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Reality check for Mayo GAA as U-21 defeat raises issues

Sport


Reality check for Mayo GAA as U-21 defeat raises issues

 


Tony Duffy has learned a lot from his first year as Mayo U-21 manager

Interview
Mike Finnerty

MAYO U-21 football manager Tony Duffy believes that the County Board need to take a ‘long-term approach’ and clarify their intentions about the grade in light of the recent disappointing Connacht Championship defeat to Galway.
Speaking exclusively to The Mayo News, Duffy confirmed that he was only appointed to the U-21 post on a one-year term last November and outlined his ‘frustration’ at Mayo’s failure to win their opening game in the competition.
The 0-9 to 0-7 defeat to Galway last month means that Mayo have failed to win a provincial U-21 title since 2009 and Duffy is adamant that things need to change if Mayo are to realise their potential at the grade in the years to come.
Among the Ballintubber coach’s suggestions are: the need to appoint next year’s manager before the start of the Mayo club championship next month; the possibility of a member of the Mayo senior team management taking charge of the U-21 side; and a definite statement from the Mayo GAA Board hierarchy in relation to their ambition for, and approach to, the U-21 football squad.
During the course of a wide-ranging interview, Tony Duffy also said that he believed the U-21 championship needed to be ‘given more respect’ as a development grade for senior footballers of the future.
He began his conversation with The Mayo News discussing the finer details of his team’s reversal to Galway.

MF: How do you feel about the defeat to Galway now that you’ve had three weeks to think about it?
TD: In terms of the game itself, the overwhelming emotion was frustration. We kicked 12 wides, they kicked six, and that was a huge factor in us losing the game.
We had oceans of ball to win it, but weren’t able to score.
If I was told before the match that we’d hold Galway to nine points, I’d have felt we were going to win it with the forwards we had.
The conditions played a part in the low-scoring for both teams. Defensively, I felt we were very good. Galway had hit 1-20 against Sligo and put up 1-17 against Roscommon. They have a good forwardline but we held them to nine scores.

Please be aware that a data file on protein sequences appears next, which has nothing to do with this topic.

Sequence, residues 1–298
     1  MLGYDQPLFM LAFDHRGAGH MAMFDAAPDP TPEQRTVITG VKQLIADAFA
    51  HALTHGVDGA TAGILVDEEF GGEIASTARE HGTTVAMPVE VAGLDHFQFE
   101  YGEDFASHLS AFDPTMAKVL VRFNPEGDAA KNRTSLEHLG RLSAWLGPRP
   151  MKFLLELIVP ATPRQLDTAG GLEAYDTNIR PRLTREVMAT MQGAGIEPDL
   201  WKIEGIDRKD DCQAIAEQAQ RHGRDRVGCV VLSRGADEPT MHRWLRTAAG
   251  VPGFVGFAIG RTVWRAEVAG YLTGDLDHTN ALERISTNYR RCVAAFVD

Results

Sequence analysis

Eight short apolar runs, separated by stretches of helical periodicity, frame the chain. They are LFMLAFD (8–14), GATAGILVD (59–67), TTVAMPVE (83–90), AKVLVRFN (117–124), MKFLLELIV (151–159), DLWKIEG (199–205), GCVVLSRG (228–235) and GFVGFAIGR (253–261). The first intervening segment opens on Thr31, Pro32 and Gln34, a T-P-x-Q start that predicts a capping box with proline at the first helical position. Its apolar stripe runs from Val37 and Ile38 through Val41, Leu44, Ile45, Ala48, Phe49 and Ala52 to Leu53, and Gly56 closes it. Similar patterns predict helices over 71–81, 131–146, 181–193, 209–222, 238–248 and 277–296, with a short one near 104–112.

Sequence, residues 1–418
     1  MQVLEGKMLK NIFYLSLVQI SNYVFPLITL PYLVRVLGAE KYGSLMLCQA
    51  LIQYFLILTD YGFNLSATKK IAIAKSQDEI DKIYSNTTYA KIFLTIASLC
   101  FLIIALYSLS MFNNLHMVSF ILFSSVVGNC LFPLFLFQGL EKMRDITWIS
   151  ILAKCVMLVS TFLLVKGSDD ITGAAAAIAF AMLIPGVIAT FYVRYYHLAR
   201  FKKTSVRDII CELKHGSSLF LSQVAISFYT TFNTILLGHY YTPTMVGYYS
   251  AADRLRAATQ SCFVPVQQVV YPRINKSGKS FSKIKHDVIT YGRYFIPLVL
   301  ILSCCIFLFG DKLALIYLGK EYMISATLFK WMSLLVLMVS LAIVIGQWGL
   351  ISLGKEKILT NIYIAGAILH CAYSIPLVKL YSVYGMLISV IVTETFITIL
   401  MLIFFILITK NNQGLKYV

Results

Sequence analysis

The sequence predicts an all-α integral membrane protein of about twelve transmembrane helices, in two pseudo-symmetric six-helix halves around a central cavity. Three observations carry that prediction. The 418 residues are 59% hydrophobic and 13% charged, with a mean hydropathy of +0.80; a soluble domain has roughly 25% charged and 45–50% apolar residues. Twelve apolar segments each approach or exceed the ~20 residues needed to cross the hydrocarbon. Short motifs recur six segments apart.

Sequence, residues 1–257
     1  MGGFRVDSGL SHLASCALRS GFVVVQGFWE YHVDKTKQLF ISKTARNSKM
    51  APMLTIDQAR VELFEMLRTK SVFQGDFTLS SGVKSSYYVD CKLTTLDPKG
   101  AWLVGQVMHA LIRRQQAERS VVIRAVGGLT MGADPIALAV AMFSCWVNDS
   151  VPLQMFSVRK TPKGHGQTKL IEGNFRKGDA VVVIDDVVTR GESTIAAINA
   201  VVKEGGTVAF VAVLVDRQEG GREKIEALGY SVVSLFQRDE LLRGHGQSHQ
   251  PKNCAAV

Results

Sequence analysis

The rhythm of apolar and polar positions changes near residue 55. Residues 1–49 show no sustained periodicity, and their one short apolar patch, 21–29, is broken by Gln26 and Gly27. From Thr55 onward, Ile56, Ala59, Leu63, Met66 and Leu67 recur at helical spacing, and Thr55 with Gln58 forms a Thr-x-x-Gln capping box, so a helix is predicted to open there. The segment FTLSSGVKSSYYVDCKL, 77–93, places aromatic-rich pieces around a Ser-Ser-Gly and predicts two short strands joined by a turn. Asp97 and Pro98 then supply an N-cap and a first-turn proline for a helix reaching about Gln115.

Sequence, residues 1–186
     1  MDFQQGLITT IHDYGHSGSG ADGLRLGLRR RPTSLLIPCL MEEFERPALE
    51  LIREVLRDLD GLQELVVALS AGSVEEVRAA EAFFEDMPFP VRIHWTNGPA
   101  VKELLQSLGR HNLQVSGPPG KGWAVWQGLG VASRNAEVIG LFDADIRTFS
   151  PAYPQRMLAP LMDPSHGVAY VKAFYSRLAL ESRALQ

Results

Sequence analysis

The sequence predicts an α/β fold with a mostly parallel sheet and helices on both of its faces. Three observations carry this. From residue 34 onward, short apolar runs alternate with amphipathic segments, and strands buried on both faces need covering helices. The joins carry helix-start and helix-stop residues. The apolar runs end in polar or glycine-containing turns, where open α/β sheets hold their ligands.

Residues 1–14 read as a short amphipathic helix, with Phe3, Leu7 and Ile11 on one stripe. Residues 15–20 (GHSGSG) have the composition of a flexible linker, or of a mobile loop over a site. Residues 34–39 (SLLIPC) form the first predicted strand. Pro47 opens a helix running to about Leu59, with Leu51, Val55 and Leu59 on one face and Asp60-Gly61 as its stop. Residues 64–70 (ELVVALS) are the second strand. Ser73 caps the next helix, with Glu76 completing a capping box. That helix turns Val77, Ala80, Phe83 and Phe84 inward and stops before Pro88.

MF: What areas in particular disappointed you about the performance? What were the decisive factors?
TD: I felt we lacked composure in the last ten minutes. Our decision-making on the ball in the final third of the field was questionable.
I’m not blaming the players, you’ll have days like that, people get anxious.
There was a great desire within the team to do well. We were aware of the challenge that Galway presented but, when things looked difficult in the last ten minutes, we got anxious.
Lads pulled the trigger when it wasn’t on and forced things. Why that happened, I don’t know. The lads were in bits after the game.
Another factor was that the game came a week too early for Cillian [O’Connor]. He hadn’t got the game-time in his legs.
It was a savagely physical game, very hard on the legs, and that probably affected his free-taking too.
That was Cillian’s first game in six months.

MF: Were there any comparisons or similarities with previous defeats you were involved in with the Mayo minors?
TD: It reminded me of the Connacht Minor Final last year. That was a very similar experience. We went on to score 0-19 though after that against the reigning All-Ireland champions [Tipperary]. It’s difficult to compare minors and U-21s though.

MF: How has the result affected you in the last few weeks? How would you reflect on the whole experience?
TD: It took me a while to get over it. My whole experience with the U-21s this year has obviously been coloured by what happened in Tuam and it’s hard to know where the U-21 is going.
You can’t realistically prepare a team for championship with lads that have so much other footballing stuff going on.
Okay, it’s the same for everybody, and people will probably say that the best team will end up winning the All-Ireland, but I believe it’s not working.
As a development grade for senior football, it needs to be paid more respect.

MF: How difficult is it to prepare a group of players, many of whom are also involved in colleges and senior squads?
TD: All the different managers have agendas, and that’s fine. I feel for it to work in a county like Mayo, it probably requires somebody from within the senior management to run the U-21s.
That cuts out a layer of management and communication and makes training and challenge games easier to organise.

MF: Was the role anything like you expected?
TD: It’s frustrating. It’s great to have a run of games where you can develop players and work on things as you go along. You can’t really do that with U-21s.
I’ve been involved with county teams for the last four years and worked very hard. If you ask of the U-21s from this year, we did so much good, hard work in terms of tactics, coaching and training. Everything that was within our control was done.
MF: Will you be in charge of the Mayo U-21s next year?
TD: I only committed to one year. I’m undecided at the moment and I’m going to take some time to think about it. I’m back doing some work with Peter Ford in Ballintubber at the moment.
If I was going to go back in, a decision needs to be made by the County Board about how they want to approach U-21.

MF: What do you feel needs to change?
TD: Preparatory work needs to be done by the U-21 management so they need to be in place by the start of the club championship, at the end of May.
They need to know where they stand, where the U-21 team fits in with the County Board in terms of their ambitions and plans for Mayo football.
That needs to be teased out and made clear to everybody.
I believe that a long-term approach needs to be taken.

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